Recent Activities

Media Coverage by Erika Engel

Spring Equinox 2022 News Article and Event Sharing

On March 21st, 2022 we gathered and made meaningful connections with each other for the Spring Changes of Seasons. See below for the articles created by Erika Engel. The Spring ceremony was lead by Elder James Carpenter.

Our next Change of Seasons will be on June 21st 2022! The news article for the Summer Solstice is linked below. The event will be facilitated by Painted Sky, and Heather McIntyre.

Summer Solstice 2022 News Article and Event Sharing

Meet pipe carrier Painted Sky who is Bear Clan Ojibwe from Treaty 3 Couchiching Fort Frances. His dad is from Cape Croker and his mom is from Couchiching Fort Frances. His western name is Gary Johnston, however his preferred name though is Painted Sky.

Painted Sky is a third-generation survivor of the Residential School system. His mother is a former member of the Truth and Reconciliation Committee of Canada. Painted Sky also participated in the Idle No More and Every Child Matters walks. Painted Sky works for Canadian Mental Health Association in Toronto. He also facilitates ceremonies.

Meet Heather who has called Collingwood her home for over 40 years. Her family of origin is rooted in Georgian Island and she is part of the Aajiijack Crane Clan with the helper of Waazhaashik ( Muscrat Clan) on her grandfathers side. Because of all of these blessings she walks the world as a “two eyed seer” and actively holds space for deep healing conversations to be initiated. She is an active community member and Indigenous Life and Wellness Coach that helps to bridge gaps for our Indigenous community by teaching, and sharing.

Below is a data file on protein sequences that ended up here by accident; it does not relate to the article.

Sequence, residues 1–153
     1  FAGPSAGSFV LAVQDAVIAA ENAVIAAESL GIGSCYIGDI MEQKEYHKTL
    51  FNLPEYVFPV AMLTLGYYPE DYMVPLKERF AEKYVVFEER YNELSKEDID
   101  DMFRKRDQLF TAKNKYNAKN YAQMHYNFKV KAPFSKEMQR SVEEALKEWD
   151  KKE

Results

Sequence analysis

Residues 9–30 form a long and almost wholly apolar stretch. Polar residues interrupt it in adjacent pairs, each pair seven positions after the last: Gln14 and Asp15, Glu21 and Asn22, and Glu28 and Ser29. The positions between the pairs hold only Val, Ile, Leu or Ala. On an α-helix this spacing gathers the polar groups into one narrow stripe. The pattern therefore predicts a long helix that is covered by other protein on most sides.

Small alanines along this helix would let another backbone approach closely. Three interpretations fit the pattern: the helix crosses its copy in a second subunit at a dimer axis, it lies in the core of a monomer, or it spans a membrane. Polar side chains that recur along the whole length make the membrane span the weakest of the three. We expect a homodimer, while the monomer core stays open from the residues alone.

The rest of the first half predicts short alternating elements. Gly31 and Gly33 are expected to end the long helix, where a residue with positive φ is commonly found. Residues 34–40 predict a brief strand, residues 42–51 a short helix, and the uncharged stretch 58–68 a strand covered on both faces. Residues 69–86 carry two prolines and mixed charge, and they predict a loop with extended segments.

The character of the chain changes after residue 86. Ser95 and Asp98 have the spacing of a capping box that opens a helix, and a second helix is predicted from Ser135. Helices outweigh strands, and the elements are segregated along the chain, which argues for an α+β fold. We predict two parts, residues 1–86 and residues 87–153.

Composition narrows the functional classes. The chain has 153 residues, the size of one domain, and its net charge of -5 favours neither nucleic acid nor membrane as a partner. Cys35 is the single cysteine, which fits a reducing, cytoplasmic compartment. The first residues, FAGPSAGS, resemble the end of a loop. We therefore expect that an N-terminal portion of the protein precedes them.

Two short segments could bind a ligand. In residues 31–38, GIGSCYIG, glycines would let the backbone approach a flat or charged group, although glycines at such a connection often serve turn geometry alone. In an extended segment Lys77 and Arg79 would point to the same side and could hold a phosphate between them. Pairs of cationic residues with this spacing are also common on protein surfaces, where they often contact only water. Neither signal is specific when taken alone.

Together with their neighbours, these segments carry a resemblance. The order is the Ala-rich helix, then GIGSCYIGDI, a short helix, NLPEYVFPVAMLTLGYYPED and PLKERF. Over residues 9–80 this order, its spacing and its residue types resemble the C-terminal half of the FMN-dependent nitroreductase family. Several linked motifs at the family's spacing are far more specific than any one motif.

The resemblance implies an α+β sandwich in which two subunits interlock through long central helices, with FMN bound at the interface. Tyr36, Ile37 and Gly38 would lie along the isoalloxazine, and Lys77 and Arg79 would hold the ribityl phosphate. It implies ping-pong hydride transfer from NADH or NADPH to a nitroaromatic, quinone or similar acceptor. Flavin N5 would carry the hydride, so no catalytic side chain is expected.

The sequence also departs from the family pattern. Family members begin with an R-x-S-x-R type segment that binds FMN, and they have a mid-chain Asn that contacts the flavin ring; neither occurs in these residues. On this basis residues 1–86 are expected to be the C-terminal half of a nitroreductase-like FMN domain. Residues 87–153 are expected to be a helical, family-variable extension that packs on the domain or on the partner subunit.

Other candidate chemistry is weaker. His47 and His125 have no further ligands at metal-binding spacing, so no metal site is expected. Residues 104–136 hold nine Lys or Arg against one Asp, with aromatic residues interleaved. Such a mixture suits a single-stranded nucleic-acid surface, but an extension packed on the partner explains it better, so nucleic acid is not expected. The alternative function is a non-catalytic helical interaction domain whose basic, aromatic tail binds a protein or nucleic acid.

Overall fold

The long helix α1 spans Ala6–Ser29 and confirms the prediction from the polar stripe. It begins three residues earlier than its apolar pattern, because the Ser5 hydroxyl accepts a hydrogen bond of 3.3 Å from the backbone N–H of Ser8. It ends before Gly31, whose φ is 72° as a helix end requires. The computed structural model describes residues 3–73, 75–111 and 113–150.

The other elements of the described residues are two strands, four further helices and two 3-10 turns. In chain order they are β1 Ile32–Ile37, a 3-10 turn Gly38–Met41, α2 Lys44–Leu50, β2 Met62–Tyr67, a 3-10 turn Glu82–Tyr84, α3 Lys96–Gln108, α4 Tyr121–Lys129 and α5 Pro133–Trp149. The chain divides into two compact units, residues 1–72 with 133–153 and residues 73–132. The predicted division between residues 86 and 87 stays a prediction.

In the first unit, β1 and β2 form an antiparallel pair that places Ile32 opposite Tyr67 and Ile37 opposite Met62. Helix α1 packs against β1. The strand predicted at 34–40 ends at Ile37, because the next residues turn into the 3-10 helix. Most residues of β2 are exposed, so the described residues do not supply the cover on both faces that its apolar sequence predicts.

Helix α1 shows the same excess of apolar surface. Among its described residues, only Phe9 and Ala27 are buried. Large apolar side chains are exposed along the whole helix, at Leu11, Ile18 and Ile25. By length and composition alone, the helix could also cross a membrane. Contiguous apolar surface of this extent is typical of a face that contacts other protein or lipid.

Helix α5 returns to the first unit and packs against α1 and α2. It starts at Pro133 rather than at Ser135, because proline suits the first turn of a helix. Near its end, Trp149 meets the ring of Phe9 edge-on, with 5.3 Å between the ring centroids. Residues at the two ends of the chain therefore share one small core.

Fall Equinox 2022 News Article and Event Sharing

The Fall Solstice starts at 4 pm with vendors and the food sharing table!

At 5 p.m. Elder Jeff Monague, whose Indigenous name is Myiingan Minonaakwhe, will teach about ceremony, what it means, and ceremony etiquette. Myiingan Minonaakwhe is from Eagle Clan and is a former chief of the Beausoleil First Nation on Christian Island. 

Jillian Morris will be sharing poetry at the solstice gathering. Morris is Kanien’kehaka and a band member of Six Nations of the Grand River Territory. She is from Turtle Clan, and is the current poet laureate for the Town of Collingwood.

Following the teachings and ceremony, Jennifer Mcfarlane will be leading participants in Indigenous-centred games. She is Métis and lives in Wasaga Beach. 

Ipeelie, Minonaakwhe, Morris, and Mcfarlane represent four nations – Inuit, Anishinaabek, Haudenosaunee, and Métis respectively.

Winter Solstice 2022 News Article and Event Sharing

The Winter Solstice begins at 4:30 pm and will run until 6 pm. We will have Three Sisters Soup, Indigenous games, a Fire Keeper and some knowledge sharing from Elder James Carpenter (Grey Cloud). Dress warmly! Please click the link below to learn more about the event.

As of now, this is the fourth and final Change of Seasons Gathering for the year and we will see if there will be more gatherings in the future.

We are excited to share that we have invited Anishinaabe Elder/Knowledge Keeper Grey Cloud (James Carpenter) who is also a traditional healer to help us welcome the winter! Grey Cloud has done and continues to do the necessary and vital work in the form of wellness and healing for many of our Indigenous people. We are excited to have him help us come full circle from Spring to Winter in the final Change of Seasons Gathering of the year. in a new tab)